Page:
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One can show that \begin{align} G(x;\xi)= \begin{cases} & \bigg(\frac{\xi^4-16}{60\xi^4}\bigg)\bigg(x^3-\frac{1}{x}\bigg),\qquad 1\le x<\xi\\ & \bigg(\frac{\xi^4-1}{60\xi^4}\bigg)\bigg(x^3-\frac{16}{x}\bigg),\qquad \xi< x\le 2 \end{cases} \end{align} is the Green's function for the operator $$L[y]=x^2y''-xy'-3y$$ with boundary conditions $y(1)=y(2)=0$. Hence, one wants to find the solution $y(x)$ to the differential equation $L[y]=x-3$ subject to the above conditions.

The Green's function can be written as $$G(x;\xi)=H(\xi-x)\bigg(\frac{\xi^4-16}{60\xi^4}\bigg)\bigg(x^3-\frac{1}{x}\bigg)+H(x-\xi)\bigg(\frac{\xi^4-1}{60\xi^4}\bigg)\bigg(x^3-\frac{16}{x}\bigg)$$ and the solution of the boundary value problem can be written as $$y(x)=\int_{1}^{2}G(x;\xi)f(\xi)d\xi=\int_{1}^{2}G(x;\xi)(\xi-3)d\xi.$$

But I struggle to evaluate correctly the integral since I do not understand what the functions $H(x-\xi)$ and $H(\xi-x)$ exactly represent and how to write them down precisely.

I would appreciate any help or suggestion. Thank you.

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  • $\begingroup$ From the notes this example comes from, $H(x)$ is defined so that for any "good" function $F(x):$ one has $\int_{-\infty}^{\infty}H(x)F(x)dx=\int_{0}^{\infty}F(x)dx$ $\endgroup$
    – johnny09
    Dec 21 '15 at 21:08
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If this is indeed your Green's function, then the solution is

$$y(x) = \left (x^3-\frac{16}{x} \right ) \int_1^x d\xi \, \left (\frac{\xi^4-1}{60 \xi^4} \right ) (\xi-3) + \left (x^3-\frac{1}{x} \right ) \int_x^2 d\xi \, \left (\frac{\xi^4-16}{60 \xi^4} \right ) (\xi-3)$$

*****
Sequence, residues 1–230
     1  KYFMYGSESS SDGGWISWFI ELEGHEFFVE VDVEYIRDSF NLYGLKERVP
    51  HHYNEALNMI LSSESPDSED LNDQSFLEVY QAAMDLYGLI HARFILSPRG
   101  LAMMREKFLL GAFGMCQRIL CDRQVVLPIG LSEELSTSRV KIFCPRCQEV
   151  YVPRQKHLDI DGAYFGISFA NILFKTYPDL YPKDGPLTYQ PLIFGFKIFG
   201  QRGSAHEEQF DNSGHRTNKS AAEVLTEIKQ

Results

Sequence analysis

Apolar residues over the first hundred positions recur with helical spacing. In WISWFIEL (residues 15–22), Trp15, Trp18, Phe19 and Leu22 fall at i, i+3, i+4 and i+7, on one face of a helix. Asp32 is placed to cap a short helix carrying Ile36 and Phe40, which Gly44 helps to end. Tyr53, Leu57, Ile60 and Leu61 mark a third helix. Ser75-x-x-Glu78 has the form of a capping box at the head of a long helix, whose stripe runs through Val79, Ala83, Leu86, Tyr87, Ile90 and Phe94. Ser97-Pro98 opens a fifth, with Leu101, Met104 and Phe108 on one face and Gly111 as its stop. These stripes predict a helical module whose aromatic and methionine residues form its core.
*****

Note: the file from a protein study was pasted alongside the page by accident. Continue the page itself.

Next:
As is usually the case, the evaluation of these integrals is more messy than difficult. The solution I get is

$$y(x) = 1-\frac{11}{15 x} - \frac{x}{4} - \frac{x^3}{60} $$

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  • $\begingroup$ May I ask why you put $\frac{\xi^4-1}{60 \xi^4}$ in the first integral? Is this because of $H(\xi-x)$? $\endgroup$
    – johnny09
    Dec 21 '15 at 21:17
  • $\begingroup$ @johnny09: exactly. I was hoping you would see the pattern once it was written out for you explicitly. $\endgroup$
    – Ron Gordon
    Dec 21 '15 at 21:18
  • $\begingroup$ Oh right. Is there a particular reason on why we do this? $\endgroup$
    – johnny09
    Dec 21 '15 at 21:20
  • $\begingroup$ @johnny09: It is nice after all that work to get a nice, single formula for $G(x;x_i)$. The Heaviside step function allows us to do that. And it is really easy to see how to use $G$ to compute the solution. $\endgroup$
    – Ron Gordon
    Dec 21 '15 at 21:22
  • $\begingroup$ Sorry for asking too many questions, but what is the operation or formula of the Heaviside step function in this particular example? $\endgroup$
    – johnny09
    Dec 21 '15 at 22:17

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